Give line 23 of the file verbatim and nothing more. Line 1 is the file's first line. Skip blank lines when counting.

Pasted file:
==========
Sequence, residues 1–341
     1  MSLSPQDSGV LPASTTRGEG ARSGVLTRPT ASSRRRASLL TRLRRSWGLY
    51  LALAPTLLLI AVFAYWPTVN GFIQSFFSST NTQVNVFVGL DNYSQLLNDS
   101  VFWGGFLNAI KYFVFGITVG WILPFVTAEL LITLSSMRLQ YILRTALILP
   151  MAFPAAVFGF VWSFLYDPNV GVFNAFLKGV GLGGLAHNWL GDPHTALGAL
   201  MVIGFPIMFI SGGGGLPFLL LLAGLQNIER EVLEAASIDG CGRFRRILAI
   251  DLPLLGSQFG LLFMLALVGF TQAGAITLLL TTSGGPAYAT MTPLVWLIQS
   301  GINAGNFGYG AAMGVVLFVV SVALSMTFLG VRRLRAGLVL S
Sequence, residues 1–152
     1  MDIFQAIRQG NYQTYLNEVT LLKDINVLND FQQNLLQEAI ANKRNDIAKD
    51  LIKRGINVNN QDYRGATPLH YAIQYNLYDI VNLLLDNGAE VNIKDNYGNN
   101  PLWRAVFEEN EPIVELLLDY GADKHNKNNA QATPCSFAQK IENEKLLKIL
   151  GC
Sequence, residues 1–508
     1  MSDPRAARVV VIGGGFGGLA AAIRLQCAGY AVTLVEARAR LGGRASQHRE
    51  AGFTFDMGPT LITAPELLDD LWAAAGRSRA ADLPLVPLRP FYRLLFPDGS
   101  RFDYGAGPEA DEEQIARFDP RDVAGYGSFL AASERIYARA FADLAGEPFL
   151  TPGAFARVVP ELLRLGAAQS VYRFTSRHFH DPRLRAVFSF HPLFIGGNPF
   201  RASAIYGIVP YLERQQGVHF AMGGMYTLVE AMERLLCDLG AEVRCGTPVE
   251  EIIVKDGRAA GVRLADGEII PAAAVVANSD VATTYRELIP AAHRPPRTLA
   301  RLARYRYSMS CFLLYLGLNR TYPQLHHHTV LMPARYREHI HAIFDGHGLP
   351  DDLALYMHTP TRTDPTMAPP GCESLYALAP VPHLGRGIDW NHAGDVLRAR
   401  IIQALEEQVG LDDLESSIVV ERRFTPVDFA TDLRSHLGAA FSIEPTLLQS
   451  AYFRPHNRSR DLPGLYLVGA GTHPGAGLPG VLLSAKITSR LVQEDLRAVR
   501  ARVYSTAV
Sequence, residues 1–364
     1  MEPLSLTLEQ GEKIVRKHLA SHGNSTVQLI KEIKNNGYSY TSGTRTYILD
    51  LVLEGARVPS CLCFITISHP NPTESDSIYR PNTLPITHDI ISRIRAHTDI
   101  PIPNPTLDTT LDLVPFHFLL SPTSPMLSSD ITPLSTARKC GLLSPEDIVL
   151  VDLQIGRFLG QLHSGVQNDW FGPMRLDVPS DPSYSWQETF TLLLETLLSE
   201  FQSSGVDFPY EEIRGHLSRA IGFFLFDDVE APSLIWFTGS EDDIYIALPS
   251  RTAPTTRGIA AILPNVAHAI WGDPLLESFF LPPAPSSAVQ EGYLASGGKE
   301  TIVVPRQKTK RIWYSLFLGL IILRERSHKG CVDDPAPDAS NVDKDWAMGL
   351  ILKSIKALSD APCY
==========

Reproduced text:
   401  IIQALEEQVG LDDLESSIVV ERRFTPVDFA TDLRSHLGAA FSIEPTLLQS